Brent Bowthorpe, Class One Disaster Recovery; West Jordan, Utah; Big 50 1999
Focus for Control
The value of being a niche business is it defines processes for you. It directs your marketing. We go after insurance agents, adjusters, and property managers. The only question left for us is, how do we build those relationships? General remodelers spend a lot of time trying to figure out where to go and what to do. We don't have to do that.
We did about $2 million last year with 12 employees, covering an area of 60 miles around Salt Lake City. Our niche helps us define production and internal processes for three job types: small water damage, major reconstruction, and mold remediation. It also helps us determine how a job is costed, how we follow up, how quickly an estimate should be completed, and how quickly a job should be closed out. I don't know where we'd be with those processes without a specific market.
Smooth Out the Dips
One of the values of a niche is you can predefine market dips. There are slower and busier periods. If we get no bad weather, it gets slower in January and February but picks up when people run sprinkler systems in the spring. We plan slower periods, using them to prepare and train. We often hire in those periods. If we have clients who want additional work, we schedule it then.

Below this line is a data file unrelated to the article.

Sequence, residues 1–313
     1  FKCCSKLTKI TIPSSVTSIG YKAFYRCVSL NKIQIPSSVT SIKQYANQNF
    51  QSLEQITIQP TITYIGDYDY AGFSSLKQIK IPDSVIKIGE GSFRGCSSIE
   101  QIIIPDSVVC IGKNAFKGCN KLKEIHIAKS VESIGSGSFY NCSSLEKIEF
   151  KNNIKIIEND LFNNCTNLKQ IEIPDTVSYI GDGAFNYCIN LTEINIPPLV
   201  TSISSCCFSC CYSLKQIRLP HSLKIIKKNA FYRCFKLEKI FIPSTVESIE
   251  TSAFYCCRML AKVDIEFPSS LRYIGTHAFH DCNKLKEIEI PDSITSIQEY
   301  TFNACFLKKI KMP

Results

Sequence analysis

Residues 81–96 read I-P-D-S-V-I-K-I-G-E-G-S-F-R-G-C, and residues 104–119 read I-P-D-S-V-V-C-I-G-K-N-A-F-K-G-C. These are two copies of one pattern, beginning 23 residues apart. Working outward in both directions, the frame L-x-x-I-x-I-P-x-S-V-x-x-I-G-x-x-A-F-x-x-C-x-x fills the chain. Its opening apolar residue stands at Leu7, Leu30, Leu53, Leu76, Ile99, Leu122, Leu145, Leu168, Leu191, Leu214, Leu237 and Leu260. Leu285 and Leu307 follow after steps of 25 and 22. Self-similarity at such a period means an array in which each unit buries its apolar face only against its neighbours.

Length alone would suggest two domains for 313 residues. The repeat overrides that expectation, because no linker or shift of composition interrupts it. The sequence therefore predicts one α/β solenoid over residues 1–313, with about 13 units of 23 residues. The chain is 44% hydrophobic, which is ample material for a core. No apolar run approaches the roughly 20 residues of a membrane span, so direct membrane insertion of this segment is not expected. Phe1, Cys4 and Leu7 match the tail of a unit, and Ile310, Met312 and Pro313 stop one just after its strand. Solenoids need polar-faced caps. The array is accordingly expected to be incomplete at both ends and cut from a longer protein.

A specific niche helps with sub trades and resources. I have better subs in those areas. Flooring is a huge part of our business. Because we deal with it frequently, we're out in the market and keep better sub trades.
Jimmy Waller, Waller Construction; Lakeland, Fla.; Big 50 2001
Do It All
The strongest argument for diversification is a multiple stream of revenue. It keeps production steady and the team enthusiastic. They know every day will be a challenge because every day is different. Of our 25 field employees, 15 are cross-trained. They could work in remodeling, insurance restoration, or roofing. Being full service is a benefit when trying to hire and keep good people. We have a buffet of jobs. We do $5.5 million in business a year.
When you're full service, you're able to make better vendor relationships and build a better network of subcontractors. You have leverage for scheduling. You get better supplier price discounts. You generate more referrals from related businesses.
Fight With Strength
We've had to examine ourselves and say although we're full service, we might not be where we need to be in one area. In kitchen remodeling, we can do Formica and raised panel cabinets. When someone else does granite countertops day in and day out and we do one out of every 10 jobs that way, they have a huge advantage. The way we compete is by having a stronger warranty, a 41-year track record, a great reputation, and professional technicians. Plus, our schedule is prompt; we can sign a job today and start in two weeks.
One major challenge is overhead, and we have to scrutinize it constantly. We have to self-examine and see what we're good at, what's making money. There's no use being full service out of ego, because the cross training alone will cripple you. To be big just to be big is a dead end.